Jefferson Nickels are United States Five Cent coins. They were first produced in 1938. They are still produced today.
There is an interesting story about the designer of this US Nickel Coin featuring Thomas Jefferson. The Mint sponsored a contest with a prize of $1000 for the best design of the new nickel (five cent) coin.
A German immigrant named Felix Schlag, who had only been a United States citizen for 9 years, won the contest from among 390 contestants.
The design of the US nickel remained virtually unchanged until 2003. There was only a slight change to the design of the steps of Monticello in 1939.
Another interesting tidbit: Felix Schlag's initials were not added to the coin until 1966. (US coins normally have the initials of the designer somewhere on the coin)
The Jefferson Nickel is made of 25% nickel and 75% copper. There was a brief period of time however, when these coins were made of 56% copper, 35% silver and 9% manganese. This was during World War II.
During the war, it was hard for the US Mint to get nickel to make the coins out of. It was being heavily used in the war effort.
So, some changes had to be made. This resulted in a nickel that did not contain any nickel.
These "wartime" nickels were issued from October 1942 through December 1945.
A large mint mark was place on these new silver nickels above the dome of Monticello so that they could easily be distinguished from regular "nickel" nickels.
These included the marks "S" (San Francisco), "D" (Denver) and "P" (Philadelphia).
Note: This was the only time a coin from the Philadelphia Mint had a mint mark before 1980.
2004-2006 Saw Big Changes in a US Nickel Coin That Had Remained Virtually Unchanged for Almost 70 Years.
The Westward Journey Nickel Series
These new nickels were produced in 2004 and 2005. They feature Thomas Jefferson on the obverse as in previous years. The reverse designs commemorate the bicentennials of the Louisiana Purchase and the Lewis and Clark expedition.
The new 2004 Nickels have two new designs on the reverse.
The Peace Medal reverse was modeled after the Indian Peace Medals that Lewis and Clark took with them on their expedition
They had a portrait of President Jefferson on one side and symbols of peace and friendship on the other.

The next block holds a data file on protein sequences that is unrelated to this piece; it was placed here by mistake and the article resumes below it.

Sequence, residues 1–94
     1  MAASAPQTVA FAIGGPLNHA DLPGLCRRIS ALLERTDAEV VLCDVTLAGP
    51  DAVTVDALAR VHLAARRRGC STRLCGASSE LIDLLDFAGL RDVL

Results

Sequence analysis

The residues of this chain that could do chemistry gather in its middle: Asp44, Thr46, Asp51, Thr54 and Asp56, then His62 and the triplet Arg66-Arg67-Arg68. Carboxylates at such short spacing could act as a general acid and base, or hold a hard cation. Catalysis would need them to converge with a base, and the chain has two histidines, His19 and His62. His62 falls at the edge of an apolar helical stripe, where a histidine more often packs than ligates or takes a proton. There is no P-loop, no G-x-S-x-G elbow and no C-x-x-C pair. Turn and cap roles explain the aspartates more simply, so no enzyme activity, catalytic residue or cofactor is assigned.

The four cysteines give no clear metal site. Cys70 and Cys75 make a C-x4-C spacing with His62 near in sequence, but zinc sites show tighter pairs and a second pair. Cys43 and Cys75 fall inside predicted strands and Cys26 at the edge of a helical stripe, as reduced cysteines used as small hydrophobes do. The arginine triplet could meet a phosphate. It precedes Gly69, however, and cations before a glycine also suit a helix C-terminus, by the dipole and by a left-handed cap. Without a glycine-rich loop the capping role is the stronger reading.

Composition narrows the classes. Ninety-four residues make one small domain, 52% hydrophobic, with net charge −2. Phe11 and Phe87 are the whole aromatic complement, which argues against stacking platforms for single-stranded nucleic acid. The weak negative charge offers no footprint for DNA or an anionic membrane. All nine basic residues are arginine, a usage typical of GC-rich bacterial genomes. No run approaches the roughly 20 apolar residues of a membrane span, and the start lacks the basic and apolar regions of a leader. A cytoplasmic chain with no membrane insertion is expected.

The Keelboat reverse depicts the boat that Lewis and Clark used during their expedition.
The 2005 US Nickel coins feature a new, more modern version of Thomas Jefferson along with two new designs on the reverse.
They also feature the word Liberty in Thomas Jefferson's own handwriting.
The first was a return of the American Bison after nearly 70 years.
The second features a view of the Pacific Ocean and the quote from William Clark, "Ocean in view! O! The Joy!"
Interesting Note: William Clark's actual diary entry said, "Ocian in view! O! The Joy!", but the US Mint modified it to read "Ocean", a more standard spelling of the word. They were afraid that collectors would mistake the original spelling as a mint error and hoard the new nickel coins.
With the 2006 US Nickels, Monticello was returned to the reverse of the new nickels and an all new Thomas Jefferson, facing forward, was designed for the obverse (front).
These US Nickels also feature the word Liberty in Thomas Jefferson's own handwriting.
Note: This is the first US coin produced for circulation that features a President facing forward.
Jefferson nickels are a great coin set for the beginner to collect. A good selection of dates can still be found in your pocket change or from rolls of coins picked up at your local bank.
The few dates that can't be found in circulation can be bought at a reasonable price. You would probably not have to pay more than $15 each to get nice examples of these US Nickels.
The 1950-D and the 1939-D, although rare, can be bought for a few dollars each in the mid-to-lower circulated grades.
The "wartime" nickels, made of 35% silver (1942-1945), are others you will probably have to buy. But, you can probably get some decent circulated examples of these for a few dollars each as well.
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